To take his mangoes to Shurugwi, 230 kms south of Harare, requires Edward Madzokere to hire a cart and wake up at dawn. The fruit farmer sells his produce at the nearest “growth point” at Tongogara (the term for areas targeted for development) where the prices are not stable.
Though key to good health and economic wellbeing, water and sanitation remain less of a development priority in Africa, where high costs and poor policy implementation constrain getting clean water and flush toilets to millions.
Though still fearful for her life and the safety of her family, one of the girls who escaped abduction by Boko Haram in Nigeria has appealed to global leaders to intervene and help bring back 195 schoolgirls still being held by the terrorist network.
Consider this. The communities around the Kenya-Ethiopia border in Moyale-Borona area, have long been associated with internecine violence, extreme poverty, and environmental stress. These have led to disastrous societal consequences, including displacement, criminality and violent extremism.
New evidence is deepening scientific fears, advanced few years ago, that the Middle East and North Africa risk becoming uninhabitable in a few decades, as accessible fresh water has fallen by two-thirds over the past 40 years.
Throughout a Sunday afternoon in the Ethiopian capital, Yemeni émigré men in their fifties and sixties arrive at a traditional Yemeni-styled mafraj
room clutching bundles of green, leafy stalks: khat.
The Super El Nino of 2015 to 2016 wrought droughts and floods around the world, yet it is its sister La Nina that is now fuelling drought and hunger in East Africa.
Ghana turned 60 years old this week. The West African country gained independence from Britain on Mar. 6, 1957, and remains a study in contradictions.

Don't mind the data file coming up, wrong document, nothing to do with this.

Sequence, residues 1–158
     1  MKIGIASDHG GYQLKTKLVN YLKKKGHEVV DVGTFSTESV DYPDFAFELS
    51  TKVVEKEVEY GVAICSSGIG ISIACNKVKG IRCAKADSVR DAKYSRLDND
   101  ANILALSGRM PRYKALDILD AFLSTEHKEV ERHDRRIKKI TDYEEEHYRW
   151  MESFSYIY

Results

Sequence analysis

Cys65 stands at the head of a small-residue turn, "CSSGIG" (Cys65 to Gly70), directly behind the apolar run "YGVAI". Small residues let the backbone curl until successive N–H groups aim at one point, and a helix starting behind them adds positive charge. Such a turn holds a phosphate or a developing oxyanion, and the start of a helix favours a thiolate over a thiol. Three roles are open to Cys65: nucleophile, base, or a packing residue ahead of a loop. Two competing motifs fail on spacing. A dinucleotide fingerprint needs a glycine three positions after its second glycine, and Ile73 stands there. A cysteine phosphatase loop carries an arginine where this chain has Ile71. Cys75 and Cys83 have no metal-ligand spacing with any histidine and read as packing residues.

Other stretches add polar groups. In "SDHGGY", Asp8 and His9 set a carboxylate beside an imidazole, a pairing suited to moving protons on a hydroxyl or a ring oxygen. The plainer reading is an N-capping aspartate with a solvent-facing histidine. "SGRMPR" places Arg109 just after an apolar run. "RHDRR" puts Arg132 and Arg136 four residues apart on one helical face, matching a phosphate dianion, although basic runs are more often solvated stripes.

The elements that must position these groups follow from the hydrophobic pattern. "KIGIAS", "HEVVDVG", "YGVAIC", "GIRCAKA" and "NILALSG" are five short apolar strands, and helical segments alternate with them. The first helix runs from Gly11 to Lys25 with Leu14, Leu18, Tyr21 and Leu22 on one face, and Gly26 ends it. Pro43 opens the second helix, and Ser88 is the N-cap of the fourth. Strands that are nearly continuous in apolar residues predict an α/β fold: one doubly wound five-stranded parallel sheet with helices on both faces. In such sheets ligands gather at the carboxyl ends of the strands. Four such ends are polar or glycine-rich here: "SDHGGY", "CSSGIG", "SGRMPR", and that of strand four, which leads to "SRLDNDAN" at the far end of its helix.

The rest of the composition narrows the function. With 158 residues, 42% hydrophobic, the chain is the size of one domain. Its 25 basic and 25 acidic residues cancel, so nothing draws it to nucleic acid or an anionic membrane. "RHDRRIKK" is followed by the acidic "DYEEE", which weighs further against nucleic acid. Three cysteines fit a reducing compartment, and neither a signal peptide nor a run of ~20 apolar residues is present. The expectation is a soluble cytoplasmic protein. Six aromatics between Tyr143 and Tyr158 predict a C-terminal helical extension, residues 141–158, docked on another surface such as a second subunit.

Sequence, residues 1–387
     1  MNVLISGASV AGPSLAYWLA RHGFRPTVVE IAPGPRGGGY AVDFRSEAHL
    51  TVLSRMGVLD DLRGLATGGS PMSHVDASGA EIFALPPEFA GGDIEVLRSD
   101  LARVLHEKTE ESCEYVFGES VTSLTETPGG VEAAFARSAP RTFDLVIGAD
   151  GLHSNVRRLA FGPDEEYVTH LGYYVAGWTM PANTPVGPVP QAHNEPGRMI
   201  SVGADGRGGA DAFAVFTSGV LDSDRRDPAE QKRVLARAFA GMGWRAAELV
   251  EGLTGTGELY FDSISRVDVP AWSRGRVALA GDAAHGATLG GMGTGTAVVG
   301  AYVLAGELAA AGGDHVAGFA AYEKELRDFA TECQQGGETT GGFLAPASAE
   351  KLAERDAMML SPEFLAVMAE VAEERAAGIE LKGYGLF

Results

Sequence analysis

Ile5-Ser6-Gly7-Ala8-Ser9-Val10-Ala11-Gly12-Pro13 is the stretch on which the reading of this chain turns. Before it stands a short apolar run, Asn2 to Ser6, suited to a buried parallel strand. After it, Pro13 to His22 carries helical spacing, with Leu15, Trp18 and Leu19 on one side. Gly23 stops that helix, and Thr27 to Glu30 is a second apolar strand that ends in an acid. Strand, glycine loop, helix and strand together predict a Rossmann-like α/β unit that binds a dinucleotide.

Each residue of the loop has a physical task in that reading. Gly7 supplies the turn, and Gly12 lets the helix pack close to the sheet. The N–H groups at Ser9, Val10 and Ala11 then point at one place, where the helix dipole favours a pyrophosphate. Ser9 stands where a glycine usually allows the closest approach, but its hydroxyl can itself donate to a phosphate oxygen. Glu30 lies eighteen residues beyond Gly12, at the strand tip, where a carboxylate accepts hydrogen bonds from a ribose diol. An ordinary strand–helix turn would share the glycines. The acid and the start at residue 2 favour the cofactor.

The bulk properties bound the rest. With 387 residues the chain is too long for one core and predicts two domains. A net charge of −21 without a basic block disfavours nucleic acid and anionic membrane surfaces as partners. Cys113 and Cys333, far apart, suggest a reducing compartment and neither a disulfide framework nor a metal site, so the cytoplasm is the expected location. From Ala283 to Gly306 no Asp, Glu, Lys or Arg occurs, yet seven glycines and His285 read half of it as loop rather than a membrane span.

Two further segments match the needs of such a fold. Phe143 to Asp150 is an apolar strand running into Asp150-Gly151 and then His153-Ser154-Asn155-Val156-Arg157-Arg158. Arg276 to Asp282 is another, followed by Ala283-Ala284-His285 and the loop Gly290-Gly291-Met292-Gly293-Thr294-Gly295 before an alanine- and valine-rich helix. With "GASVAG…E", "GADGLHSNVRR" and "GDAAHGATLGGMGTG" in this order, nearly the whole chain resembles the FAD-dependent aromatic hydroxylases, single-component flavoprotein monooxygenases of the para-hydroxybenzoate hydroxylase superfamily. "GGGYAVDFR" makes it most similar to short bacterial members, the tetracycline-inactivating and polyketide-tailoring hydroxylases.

This year as the world commemorates International Women’s Day it is a time for all of us to celebrate and reflect on the progress made on Women’s rights globally. But more importantly, a day to call for an end to gender inequality in all its forms especially in the work spaces. Appropriately themed “Women in the Changing World of Work: Planet 50-50 by 2030” the commemoration comes against a backdrop of a world that is undergoing major changes with significant implications for women.
Global food supply conditions are robust, but access to food has been dramatically reduced in areas suffering from civil conflicts, while drought conditions are worsening food security across swathes of East Africa, according to the United Nations.
As the cock crows, Tambudzai Zimbudzana, 32, is suddenly awakened from sleep. She quickly folds her blankets and strides outside her three-room, sheet iron-roofed house in rural Masvingo.
International Women's Day (IWD) is an important opportunity to celebrate the achievements of women and to be bold in promoting gender parity.
Dairai Churu, 53, sits with his chin cupped in his palms next to mounds of rubble from his destroyed makeshift home in the Caledonia informal settlement approximately 30 kilometers east of Harare, thanks to the floods that have inundated Zimbabwe since the end of last year.
Years of violence and unrest in North-East Nigeria have left millions of people at risk of starving to death. Both the violent up surging of Boko Haram and the government’s harsh military crackdown have left already historically marginalised communities with next to nothing.
South Sudan Monday became the first country to declare famine since 2012, as UNICEF warned that 1.4 million children are at risk of dying from starvation with famine also imminent in Nigeria, Somalia, and Yemen.